President Trump’s campaign and presidency have energized the white supremacist movement in unprecedented ways. We saw it in the support he received from the likes of David Duke during his campaign. We saw it in the surge in hate crimes committed in his name after his election. And we saw it in the deadly gathering of white supremacists in Charlottesville this weekend.
At this point, it’s not enough for Trump simply to condemn bigotry. He must take responsibility for the surge in white supremacy and hate that he has unleashed. He must:
• Apologize for energizing the radical right by running a racist and xenophobic campaign;
• Demonstrate that he is changing directions by firing his chief strategist, Steve Bannon, the person who turned Breitbart News into a platform for white supremacists; and
• Take concrete action to undo the harm he has caused, starting with a directive to federal agencies to take the danger of white supremacy seriously.
The events in Charlottesville demand nothing less.
A push to revise Title 44 is in the works led by the Government Publishing Office and the Committee on House Administration. It started on June 27, 2017 when GPO Director Davita Vance-Cooks charged the Depository Library Council (DLC) with making recommendations to her for changes in Title 44 of the U.S. Code. The scope for change is focused on Chapter 19 only, and she is looking for revisions that provide depository libraries more flexibility. The timetable calls for the DLC to submit draft recommendations for the fall 2017 Depository Library Council Meeting and Federal Depository Library Conference, October 16 – 18. The depository community will have an opportunity to comment before the final version is submitted to the GPO Director. [Press Release] For background, see James Jacobs’ Here we go again: GPO wants to change Title 44.
For Free Government Information, Jacobs has written a series of posts on this matter:
Strengthening Title 44 part 1: Modernize definition of “publications.”
Strengthening Title 44 part 2: Free Access
Strengthening Title 44 part 3: Privacy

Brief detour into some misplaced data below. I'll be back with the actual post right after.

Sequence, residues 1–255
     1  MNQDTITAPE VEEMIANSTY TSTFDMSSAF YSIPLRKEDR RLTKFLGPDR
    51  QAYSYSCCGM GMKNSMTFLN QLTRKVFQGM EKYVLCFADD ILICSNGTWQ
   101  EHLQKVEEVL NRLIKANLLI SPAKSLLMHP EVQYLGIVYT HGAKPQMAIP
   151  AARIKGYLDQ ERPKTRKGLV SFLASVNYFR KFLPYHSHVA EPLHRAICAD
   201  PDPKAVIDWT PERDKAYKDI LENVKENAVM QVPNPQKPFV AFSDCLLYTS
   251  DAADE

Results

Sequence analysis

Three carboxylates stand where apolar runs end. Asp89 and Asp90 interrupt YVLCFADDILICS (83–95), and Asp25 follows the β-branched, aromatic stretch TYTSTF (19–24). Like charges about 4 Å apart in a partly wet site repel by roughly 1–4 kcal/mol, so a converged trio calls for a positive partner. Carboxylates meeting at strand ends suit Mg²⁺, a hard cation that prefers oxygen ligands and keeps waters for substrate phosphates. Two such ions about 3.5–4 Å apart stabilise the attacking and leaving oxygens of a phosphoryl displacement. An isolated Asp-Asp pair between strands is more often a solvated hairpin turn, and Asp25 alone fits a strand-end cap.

Strengthening Title 44, part 4: Preservation
All are highly recommended.
August 31st deadline for contributions to the modernization discussion. AALL has issued a call for members to make their voice heard by contacting the AALL Director of Government Relations, Emily Feltren and submitting comments to the DLC [DLC Contact Form]. From the August 2017 Washington E-Bulletin issue:
There are many questions to consider when thinking about possible updates, including:
• What parts of Chapter 19 must remain in order to ensure the future success of the FDLP? What should change?
• What updates could be made to strengthen permanent public access to government information?
• What changes to Title 44 as a whole would benefit law libraries?
James Jacobs is promoting this Change.org petition: Protect the public right to govt information: help preserve and expand Title 44. Signatures will go directly to staffers on the House Committee on Administration and Joint Committee on Printing, as well as to GPO and ALA Washington Office. — Joe
The Charlotte Observer is reporting that the North Carolina Attorney General’s Office ordered the Charlotte School of Law to close effective immediately. The students were informed yesterday. Reasons for the closure include the ABA’s denial of the school’s Teach-Out Plan and the North Carolina Board of Governors decision not to grant an extension of the law school’s license to operate. — Joe
Serving as a thorough introduction to Zotero — from setting up to saving, organizing, and citing items, and ending with more advanced topics — as well as a guide to teaching Zotero, Zotero: A Guide for Librarians, Researchers and Educators, Second Edition by Jason Pucket is both a user’s guide to the tool and a handbook for understanding how different groups use it.
From the blurb:
This second edition, in full color, includes many more figures, screenshots, and illustrations, revised bibliographies, substantial changes to the chapter on online tools, and the addition of a completely new chapter on add-ons and mobile applications. “Zotero” is a comprehensive guide for researchers who just need a how-to to help them make bibliographies; instruction librarians and teachers using Zotero in conjunction with classes doing research assignments; and reference librarians and tech support staff who are helping users with Zotero questions and problems.
Yesterday the law blogoshere saw the publication of two brief but to the point current awareness posts on two timely topics. Duke Law Library’s The Goodson Blogson published a post on the 25th Amendment titled Pleading the Twenty-Fifth and UWashington Gallagher Law Library blog published The History and Law of Special Counsel. Both provide succinct summaries of their topics with links to relevant sources. Nice way to start off the academic year with these library outreach activities. — Joe